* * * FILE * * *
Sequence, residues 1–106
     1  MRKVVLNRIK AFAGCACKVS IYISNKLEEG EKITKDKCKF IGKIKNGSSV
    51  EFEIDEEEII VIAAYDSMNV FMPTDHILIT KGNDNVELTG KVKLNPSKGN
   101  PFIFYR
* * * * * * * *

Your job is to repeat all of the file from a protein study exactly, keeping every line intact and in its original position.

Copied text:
Sequence, residues 1–106
     1  MRKVVLNRIK AFAGCACKVS IYISNKLEEG EKITKDKCKF IGKIKNGSSV
    51  EFEIDEEEII VIAAYDSMNV FMPTDHILIT KGNDNVELTG KVKLNPSKGN
   101  PFIFYR